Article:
Comparing dbt model contracts and dbt tests

You can also understand a model contract as a specific type of test that is very limited in its scope. Technically, you can perform the same tasks as dbt model contracts with dbt tests, especially using pre-packaged test suites like dbt-expectations link. Still, by definition, a contract will remain a way to validate the output of a dbt model against a statically defined shape.

dbt model contracts are meant to be run before your model is built, i.e., to prevent data from loading if there’s an issue. dbt tests are meant to be run after your model has been built to check for data profiling, quality, and integrity issues with lower severity and a higher tolerance for error. To understand more about the differences between model contracts and tests, have a quick read-through of this discussion on the GitHub repository of the dbt-core project.

While dbt tests can be customized quite a bit, dbt model contracts currently have limited support. In addition to validating every column’s name and data type, model contracts can also validate various constraints (depending on the platform), such as uniqueness, primary key, etc. Moreover, model contracts are only built to compare bare data types and not their granular attributes, such as precision and size. Any further level of granularity or customization and it will be better for you to use customized tests.


Exploring external alternatives to dbt model contracts

API contracts have been around for several decades. Data contracts aren’t much different from API contracts. They use similar contract definition languages like JSON (and its variations), YAML, and Protobuf. You can use any of the established standards to define and enforce contracts on your dbt models, just not as part of dbt’s native functionality, which means you won’t be able to monitor the results of the validations against these contracts in dbt.

Nevertheless, you can still build these external data contract enforcers into your DAG and monitor the results either in the orchestrator-level logs or with a data observability tool. One such example is using the Great Expectations platform with its extensive list of expectations to build contracts in GX suites.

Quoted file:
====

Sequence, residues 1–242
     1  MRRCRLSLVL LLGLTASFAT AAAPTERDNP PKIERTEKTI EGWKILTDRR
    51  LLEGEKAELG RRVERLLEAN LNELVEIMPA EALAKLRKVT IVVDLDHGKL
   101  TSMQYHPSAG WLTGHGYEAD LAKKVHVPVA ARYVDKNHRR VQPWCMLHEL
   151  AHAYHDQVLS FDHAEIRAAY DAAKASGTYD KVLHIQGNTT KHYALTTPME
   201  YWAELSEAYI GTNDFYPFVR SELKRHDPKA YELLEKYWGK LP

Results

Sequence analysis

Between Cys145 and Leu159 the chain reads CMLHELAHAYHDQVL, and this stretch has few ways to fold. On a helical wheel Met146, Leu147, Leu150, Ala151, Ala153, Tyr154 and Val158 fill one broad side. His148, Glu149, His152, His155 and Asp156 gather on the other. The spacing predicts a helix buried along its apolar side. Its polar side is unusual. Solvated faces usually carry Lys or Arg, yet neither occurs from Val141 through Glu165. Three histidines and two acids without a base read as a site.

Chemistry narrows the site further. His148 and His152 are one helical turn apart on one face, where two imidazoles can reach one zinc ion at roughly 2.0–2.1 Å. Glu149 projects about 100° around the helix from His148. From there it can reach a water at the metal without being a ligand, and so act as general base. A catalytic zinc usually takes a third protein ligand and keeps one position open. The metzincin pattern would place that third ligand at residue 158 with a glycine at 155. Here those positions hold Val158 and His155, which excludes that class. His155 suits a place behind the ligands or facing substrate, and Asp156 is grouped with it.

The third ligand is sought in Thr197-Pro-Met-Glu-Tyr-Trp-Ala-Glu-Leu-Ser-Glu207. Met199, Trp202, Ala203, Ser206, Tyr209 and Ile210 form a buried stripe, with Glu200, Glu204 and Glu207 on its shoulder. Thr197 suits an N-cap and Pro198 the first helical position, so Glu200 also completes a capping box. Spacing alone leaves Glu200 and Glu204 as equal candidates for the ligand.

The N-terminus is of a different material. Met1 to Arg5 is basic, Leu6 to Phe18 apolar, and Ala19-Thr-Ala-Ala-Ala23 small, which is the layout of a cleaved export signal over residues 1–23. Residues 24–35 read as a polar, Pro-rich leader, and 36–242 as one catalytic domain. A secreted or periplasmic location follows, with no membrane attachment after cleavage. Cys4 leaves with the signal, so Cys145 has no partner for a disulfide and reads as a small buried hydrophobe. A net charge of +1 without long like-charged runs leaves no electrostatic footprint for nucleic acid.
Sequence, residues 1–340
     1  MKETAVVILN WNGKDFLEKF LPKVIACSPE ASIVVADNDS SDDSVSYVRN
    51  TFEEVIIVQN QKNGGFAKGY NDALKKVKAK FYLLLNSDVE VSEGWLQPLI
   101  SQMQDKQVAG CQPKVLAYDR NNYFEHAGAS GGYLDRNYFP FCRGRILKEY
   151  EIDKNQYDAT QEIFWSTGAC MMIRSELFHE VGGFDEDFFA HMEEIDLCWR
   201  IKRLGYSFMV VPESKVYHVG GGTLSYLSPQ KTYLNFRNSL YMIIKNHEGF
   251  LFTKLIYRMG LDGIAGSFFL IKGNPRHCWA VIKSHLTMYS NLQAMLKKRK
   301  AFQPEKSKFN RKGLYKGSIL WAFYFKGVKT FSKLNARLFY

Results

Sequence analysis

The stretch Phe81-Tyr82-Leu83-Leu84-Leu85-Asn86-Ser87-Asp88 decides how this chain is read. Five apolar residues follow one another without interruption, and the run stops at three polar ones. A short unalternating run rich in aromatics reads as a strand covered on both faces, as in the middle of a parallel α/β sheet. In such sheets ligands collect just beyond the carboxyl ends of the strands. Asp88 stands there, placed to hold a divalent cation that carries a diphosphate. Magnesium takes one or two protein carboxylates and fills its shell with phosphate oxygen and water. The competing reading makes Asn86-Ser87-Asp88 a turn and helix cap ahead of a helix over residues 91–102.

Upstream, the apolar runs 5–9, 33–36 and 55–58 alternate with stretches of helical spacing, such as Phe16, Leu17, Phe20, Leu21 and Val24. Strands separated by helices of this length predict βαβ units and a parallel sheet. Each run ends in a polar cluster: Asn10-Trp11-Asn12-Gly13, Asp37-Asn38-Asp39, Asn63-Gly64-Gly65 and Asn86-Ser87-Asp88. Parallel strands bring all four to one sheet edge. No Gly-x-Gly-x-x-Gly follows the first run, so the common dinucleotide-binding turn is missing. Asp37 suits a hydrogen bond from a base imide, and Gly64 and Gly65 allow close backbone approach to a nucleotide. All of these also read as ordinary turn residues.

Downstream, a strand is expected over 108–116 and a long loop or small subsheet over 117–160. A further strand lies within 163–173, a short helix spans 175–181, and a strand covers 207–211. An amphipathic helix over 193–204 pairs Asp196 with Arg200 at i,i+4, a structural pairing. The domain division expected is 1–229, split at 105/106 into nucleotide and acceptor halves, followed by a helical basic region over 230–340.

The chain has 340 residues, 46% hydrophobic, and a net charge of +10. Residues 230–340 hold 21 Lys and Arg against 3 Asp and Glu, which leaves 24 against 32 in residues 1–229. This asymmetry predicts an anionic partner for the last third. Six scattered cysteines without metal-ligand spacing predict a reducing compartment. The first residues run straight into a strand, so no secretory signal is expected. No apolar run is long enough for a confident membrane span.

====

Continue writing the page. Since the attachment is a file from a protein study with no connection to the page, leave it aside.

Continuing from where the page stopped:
Integrating different tools to do different things gives you a siloed view of your data platform. To prevent that from happening, you need a platform that aggregates all this metadata and allows you to do more with it. You need a metadata activation platform like Atlan, which has the features and capabilities to bring all the metadata in one place and lets you automate and perform actions based on metadata changes.


Conclusion

This article covered the basics of defining and enforcing data contracts in dbt. The use of data contracts fast-tracks the move towards better data quality. Not only that, data contracts also allow for better data cataloging, discovery, and governance, allowing data users to have confidence in the reliability of the underlying data and the structures holding it.

All your data quality, profiling, and schema validation workloads are based on metadata, which can be integrated into and activated by Atlan, an active metadata platform, to enable your business to realize the real potential of using metadata to drive data workloads.

You can learn more about how dbt model contracts and how dbt integrates with Atlan on dbt’s and Atlan’s official documentation.